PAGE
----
Accelerometer-based Game Control Using An IOS Device Courtesy Of HTML5

This game of Space Invaders is played by tilting your iPhone to the left or right. It’s a demonstration of HTML5 used to link devices in-browser. The only setup that’s required is for the base device to load up a webpage, then the control device scans a QR code (or just types in a link) to connect with the game. You can give it a try right now if you want.

It only works with iOS devices but we believe that’s because mobile Safari has the ability to poll accelerometer data and other browsers do not. If this was using on-screen buttons rather than the tilt controls it would work on any device that implements HTML5. The connection is facilitated by Node.js and Socket.IO. The QR code that is generated by the host machine’s page includes a unique ID which allows the control device to link with it. Once loaded, commands from the controller are sent via Socket.IO to the node on the host machine.

As with this HTML5-based sensor data application, we think this method is important because it allows control without the need for a standalone application. We’re hoping to see a lot of this in embedded projects in the future. By serving data to a smart phone or other device you remove to need for a physical user interface in your projects, which means you can make great things while spending less.

[via Reddit]

14 thoughts on “Accelerometer-based Game Control Using An IOS Device Courtesy Of HTML5

  1. WOW!!! it’s not syncing for me yet… probably due to the HADeffect… but this concept just BLEW MY MIND!!! NICE!!!!!!!! GOTTA THINK OF WAYS TO USE THIS!!!!! They show some details on their blog, but complete open source would be nice ;-)

  2. It’s not working for me… It says connected (and the game starts) but the game says “awaiting movement from an iOS device” at the top.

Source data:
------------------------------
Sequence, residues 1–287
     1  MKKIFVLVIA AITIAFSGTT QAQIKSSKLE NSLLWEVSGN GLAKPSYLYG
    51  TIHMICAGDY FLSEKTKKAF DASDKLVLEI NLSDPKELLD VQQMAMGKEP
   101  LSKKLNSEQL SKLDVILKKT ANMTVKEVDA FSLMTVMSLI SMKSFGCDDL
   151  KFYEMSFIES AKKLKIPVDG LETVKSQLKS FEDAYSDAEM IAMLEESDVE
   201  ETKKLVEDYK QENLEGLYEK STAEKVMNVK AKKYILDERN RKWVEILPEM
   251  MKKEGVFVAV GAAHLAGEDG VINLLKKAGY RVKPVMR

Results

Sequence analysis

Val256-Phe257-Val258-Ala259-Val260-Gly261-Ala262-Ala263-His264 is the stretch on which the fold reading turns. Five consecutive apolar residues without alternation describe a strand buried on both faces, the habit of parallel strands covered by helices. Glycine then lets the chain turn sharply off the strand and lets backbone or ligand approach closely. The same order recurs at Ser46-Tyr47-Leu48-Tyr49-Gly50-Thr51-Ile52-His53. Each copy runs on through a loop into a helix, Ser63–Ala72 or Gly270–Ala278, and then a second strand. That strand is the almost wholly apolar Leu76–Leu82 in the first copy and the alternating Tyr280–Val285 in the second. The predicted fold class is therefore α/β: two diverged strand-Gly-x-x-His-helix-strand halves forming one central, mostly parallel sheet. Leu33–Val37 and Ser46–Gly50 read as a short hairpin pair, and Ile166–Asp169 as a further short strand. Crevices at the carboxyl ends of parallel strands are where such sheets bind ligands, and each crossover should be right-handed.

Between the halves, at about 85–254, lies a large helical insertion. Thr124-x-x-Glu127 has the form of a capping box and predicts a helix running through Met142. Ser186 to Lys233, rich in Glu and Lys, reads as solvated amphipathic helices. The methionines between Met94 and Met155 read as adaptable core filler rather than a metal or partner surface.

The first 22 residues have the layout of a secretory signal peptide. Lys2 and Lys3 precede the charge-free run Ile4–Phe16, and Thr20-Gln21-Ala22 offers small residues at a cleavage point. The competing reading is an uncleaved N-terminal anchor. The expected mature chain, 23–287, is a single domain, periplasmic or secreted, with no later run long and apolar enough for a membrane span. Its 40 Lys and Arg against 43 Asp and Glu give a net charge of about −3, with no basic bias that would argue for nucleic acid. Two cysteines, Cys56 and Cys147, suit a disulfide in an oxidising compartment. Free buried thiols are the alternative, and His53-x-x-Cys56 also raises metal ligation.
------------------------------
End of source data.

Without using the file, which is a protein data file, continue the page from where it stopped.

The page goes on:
The numbers for the accelerometer change on the iPhone (and I’m definitely tilting) the ship just doesn’t move.

    Sounds like a neat idea though.

  3. I can play it with no problems with my Desire Z running Android version 4.0.3 (something based off Cyanogenmod)

    right and left are switched, but else it works great. (meaning, i have to lean the device left to make the thingie go right and vice-versa)

  4. Just what the world needs, more server side apps. The “benefit” with this is to the app provider who can modify once and automatically all users get the update – including any new bugs.

    The big downside is when people are paying for things like this and the provider goes out of business or just decides to discontinue it.

    Microsoft did exactly that when they shut down access to XBox Live for the original XBox and all original XBox games. All that download stuff you paid money for? Poof! Gone!

  5. I’m pretty sure the demos for Firefox Mobile included a demo showing it implements HTML5, including a 2.5D diorama that moved as you tilted the phone. All client side stuff, I think.

  6. @t3rminus Same thing happened because i did not pair for 1 hour. Just refresh browser and iphone browser and i was up and running.

    Cool idea. I might build a 2D axis version one soon.

  7. Talking of input, did you know that Wacom tablet drivers actually install a browser plugin (also in firefox) that enables you to write apps for the web that let you use the wacom tablet in various ways? And seeing it can be read separately from the mousepointer, you know – as a unique input, there are some possibilities there, and it now also supports the tablets with touch.
    Plus a surprising number of people have wacom tablets.

    Related links: and

  8. We just participated in NodeKO 3 and made an app using the accelerometer. We ended up testing it in various devices and this is what we came up with:

    – MacBook Pro: Google Chrome
    – iPad 2/3, iPhone 4S: Google Chrome
    – iPhone 5: Chrome and Safari
    – Android 4: Google Chrome

    The demo of the game is here (and the link to the game is there also. Its hosting, however, ends when the competition ends:

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